A couple of months ago, I mentioned that a daring French chef reintroduced British beef to Paris.
Given the culinary patriotism of my Parisian contemporaries, it could have ended in financial ruin for the chef in question, Yves-Marie Le Bourdonnec.
Instead he became the toast of the town, with the likes of BBC running magazine stories about him.
I tried to make a reservation for weeks. I found two telephone numbers for the place. One was never answered and after five or six rings, you got a recording stating that the voice mailbox was full.
I thought it was either obnoxious or pretentious depending on the intent behind it.
The other number was mentioned in one of the reviews. I tried it and it seemed to connect to the kitchen directly. Once someone answered and he sounded surprised that I managed to reach them. He put me on hold and never came back on line. A couple of other times when someone picked up the phone, I was told that they were full.
Desperate times call for desperate measures. I asked a fiend of mine who was visiting and staying at a pricey hotel to get the concierge to make a reservation for four. He did and we got our table on a Saturday evening.
the decor and the ambiance are not in line with the restaurant's off putting interface. As you can see in the picture, the walls are unadorned white brick and the tables are unassuming basic brasserie fair.
And our overworked waitress remained chipper and helpful throughout the evening despite having to look after ten or more tables.
As for the food, we each decided to try a different cut of meat.
One of us got a filet. She reported that it was excellent. Two of us settled on entrecotes or rib-eye and my friend who got us our table declared that it was the best entrecote he tasted. And he knows his meat.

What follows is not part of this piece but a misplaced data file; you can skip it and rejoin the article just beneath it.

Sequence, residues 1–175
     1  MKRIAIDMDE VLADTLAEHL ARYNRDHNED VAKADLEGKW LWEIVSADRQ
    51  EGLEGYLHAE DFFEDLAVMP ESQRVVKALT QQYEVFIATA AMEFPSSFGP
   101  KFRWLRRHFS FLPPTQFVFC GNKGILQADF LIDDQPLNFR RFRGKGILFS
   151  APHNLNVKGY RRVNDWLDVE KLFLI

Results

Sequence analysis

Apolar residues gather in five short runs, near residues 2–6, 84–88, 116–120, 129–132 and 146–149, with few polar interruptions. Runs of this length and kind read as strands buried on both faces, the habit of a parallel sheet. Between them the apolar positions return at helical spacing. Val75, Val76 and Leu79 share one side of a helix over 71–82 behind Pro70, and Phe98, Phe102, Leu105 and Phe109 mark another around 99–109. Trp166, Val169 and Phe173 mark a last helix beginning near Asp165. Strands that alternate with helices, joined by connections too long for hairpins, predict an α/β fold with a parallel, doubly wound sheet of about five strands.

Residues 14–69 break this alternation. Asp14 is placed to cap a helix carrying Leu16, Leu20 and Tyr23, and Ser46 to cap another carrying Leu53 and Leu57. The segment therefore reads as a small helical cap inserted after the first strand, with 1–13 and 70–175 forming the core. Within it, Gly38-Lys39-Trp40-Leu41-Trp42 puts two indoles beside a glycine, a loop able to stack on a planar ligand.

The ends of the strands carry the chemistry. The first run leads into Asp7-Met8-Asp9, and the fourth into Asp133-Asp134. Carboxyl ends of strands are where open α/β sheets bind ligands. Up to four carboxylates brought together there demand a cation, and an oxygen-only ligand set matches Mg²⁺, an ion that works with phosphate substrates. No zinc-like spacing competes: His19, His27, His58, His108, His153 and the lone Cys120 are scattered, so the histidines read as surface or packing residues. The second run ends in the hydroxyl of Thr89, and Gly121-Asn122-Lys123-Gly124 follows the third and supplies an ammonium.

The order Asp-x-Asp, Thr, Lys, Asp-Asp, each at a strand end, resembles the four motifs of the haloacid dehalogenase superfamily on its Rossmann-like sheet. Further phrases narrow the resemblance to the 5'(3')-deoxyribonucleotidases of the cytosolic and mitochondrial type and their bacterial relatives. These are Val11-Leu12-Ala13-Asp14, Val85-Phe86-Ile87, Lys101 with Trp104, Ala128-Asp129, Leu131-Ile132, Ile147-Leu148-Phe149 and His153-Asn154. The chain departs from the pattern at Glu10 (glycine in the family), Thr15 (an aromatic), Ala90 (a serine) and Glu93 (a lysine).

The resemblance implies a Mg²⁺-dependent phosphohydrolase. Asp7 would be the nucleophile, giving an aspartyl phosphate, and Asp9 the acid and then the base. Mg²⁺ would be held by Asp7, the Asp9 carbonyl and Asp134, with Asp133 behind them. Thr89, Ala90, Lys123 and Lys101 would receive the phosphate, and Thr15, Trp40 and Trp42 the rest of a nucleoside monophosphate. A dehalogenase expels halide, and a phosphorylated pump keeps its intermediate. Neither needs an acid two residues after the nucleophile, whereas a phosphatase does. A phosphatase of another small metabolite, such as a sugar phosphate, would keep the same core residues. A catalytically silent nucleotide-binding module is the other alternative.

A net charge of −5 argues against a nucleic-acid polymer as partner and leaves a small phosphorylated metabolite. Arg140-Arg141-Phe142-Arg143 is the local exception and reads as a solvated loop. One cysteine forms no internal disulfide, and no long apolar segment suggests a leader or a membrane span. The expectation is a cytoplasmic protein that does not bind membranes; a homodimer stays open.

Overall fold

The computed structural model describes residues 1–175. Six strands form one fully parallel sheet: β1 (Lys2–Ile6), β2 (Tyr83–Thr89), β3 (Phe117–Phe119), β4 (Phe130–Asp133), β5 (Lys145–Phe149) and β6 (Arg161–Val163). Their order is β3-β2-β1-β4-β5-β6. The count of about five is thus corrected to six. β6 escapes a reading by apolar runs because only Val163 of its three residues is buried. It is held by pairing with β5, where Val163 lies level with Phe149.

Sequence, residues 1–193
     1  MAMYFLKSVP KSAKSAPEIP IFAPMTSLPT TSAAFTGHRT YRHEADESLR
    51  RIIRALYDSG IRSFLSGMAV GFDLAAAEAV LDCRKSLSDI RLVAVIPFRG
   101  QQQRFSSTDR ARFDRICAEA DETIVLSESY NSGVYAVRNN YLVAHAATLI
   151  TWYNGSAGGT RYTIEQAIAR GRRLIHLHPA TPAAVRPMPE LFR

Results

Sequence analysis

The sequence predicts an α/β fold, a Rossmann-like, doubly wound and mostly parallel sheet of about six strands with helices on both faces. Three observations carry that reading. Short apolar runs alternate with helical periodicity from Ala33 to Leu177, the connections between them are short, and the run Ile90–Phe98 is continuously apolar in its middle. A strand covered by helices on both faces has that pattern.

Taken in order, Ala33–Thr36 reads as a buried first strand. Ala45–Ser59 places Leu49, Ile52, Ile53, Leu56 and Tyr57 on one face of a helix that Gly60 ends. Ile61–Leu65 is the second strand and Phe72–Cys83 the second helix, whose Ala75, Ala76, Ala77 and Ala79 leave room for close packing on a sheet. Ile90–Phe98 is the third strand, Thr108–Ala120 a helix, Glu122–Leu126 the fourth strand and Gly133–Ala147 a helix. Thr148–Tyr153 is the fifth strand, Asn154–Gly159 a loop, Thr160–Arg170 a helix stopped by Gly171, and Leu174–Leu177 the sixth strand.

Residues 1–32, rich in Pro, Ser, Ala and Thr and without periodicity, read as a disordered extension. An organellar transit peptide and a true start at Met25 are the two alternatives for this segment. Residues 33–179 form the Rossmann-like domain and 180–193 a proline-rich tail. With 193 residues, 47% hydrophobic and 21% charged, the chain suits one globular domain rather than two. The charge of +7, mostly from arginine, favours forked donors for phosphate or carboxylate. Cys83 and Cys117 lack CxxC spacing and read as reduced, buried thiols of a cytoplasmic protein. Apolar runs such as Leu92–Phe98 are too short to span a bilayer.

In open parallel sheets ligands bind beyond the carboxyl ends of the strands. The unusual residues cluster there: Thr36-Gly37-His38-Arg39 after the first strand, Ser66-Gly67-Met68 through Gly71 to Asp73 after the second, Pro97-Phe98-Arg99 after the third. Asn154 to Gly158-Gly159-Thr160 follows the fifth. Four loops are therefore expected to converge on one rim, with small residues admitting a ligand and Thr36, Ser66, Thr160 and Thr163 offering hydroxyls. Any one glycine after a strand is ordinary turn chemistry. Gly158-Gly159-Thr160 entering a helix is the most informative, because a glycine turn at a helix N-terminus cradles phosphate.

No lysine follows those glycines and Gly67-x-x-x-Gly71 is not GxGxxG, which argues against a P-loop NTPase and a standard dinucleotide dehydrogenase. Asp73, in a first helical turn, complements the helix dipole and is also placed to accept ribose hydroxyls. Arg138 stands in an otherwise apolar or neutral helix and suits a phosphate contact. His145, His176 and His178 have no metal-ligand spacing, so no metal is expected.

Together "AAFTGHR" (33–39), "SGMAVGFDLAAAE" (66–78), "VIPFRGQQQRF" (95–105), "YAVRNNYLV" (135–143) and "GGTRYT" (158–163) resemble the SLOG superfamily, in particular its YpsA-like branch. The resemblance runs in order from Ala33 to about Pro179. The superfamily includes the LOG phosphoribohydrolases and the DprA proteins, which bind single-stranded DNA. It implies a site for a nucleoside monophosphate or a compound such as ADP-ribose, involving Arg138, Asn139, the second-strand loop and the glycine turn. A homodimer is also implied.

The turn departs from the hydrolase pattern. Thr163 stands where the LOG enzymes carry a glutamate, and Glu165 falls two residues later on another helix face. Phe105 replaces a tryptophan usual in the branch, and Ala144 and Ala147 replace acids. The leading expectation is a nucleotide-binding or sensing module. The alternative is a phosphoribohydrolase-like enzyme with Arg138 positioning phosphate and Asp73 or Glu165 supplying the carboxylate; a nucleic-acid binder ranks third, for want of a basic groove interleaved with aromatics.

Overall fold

I opted for aged faux-filet or sirloin following the recommendation of our waitress. It was tender and succulent.
In short, British beef is as good as Le Bourdonec claims and the French Federation Nationale Bovine are out to lunch.
The accompanying sauces were imaginative and well prepared. So were the sides dishes (which went beyond fries to include Mac and Cheese).
But for me the surprise of the evening was the desert.
I am perennially curious about how different restaurants handle profiteroles and whenever I see them on a menu I compulsively order them. As you know, profiterole is the traditional French desert, which consists of choux pastry (pate à choux) balls filled with ice cream and served with hot chocolate sauce. Some places might substitute ice cream with pastry cream but the general idea remains the same.
At Le Beef Club they served a deconstructed version of this well known desert. The choux pastry was flat and formed the bottom layer. They placed a generous scoop of ice cream on top of that. Then they topped this with whipped cream (I know, when I saw it I winced too). And on top of that they had a crunchy almond layer shaped like a small cup covering up the whipped cream. In a strange way, the whole thing looked like a burger with ice cream being the patty.
We were told that you were supposed to eat the crunchy almond lid first and pour hot chocolate sauce on the rest of the burg...er.. profiterole.
The almond lid was unusual and very tasty. The whipped cream made sense once we poured the hot chocolate sauce. It delayed the melting of the ice cream and kept it hard longer. And the choux pastry did not become soggy even as we took our time finishing our deserts.
The piece de resistance was the chocolate sauce. It was dark chocolate flavored with whiskey and mixed with crunchy pralines.
If someone described that desert to me I would be highly dubious. So it is perfectly understandably if you feel unconvinced.
My suggestion would be to come to Paris and try it for yourself.
If you can get a reservation, that is.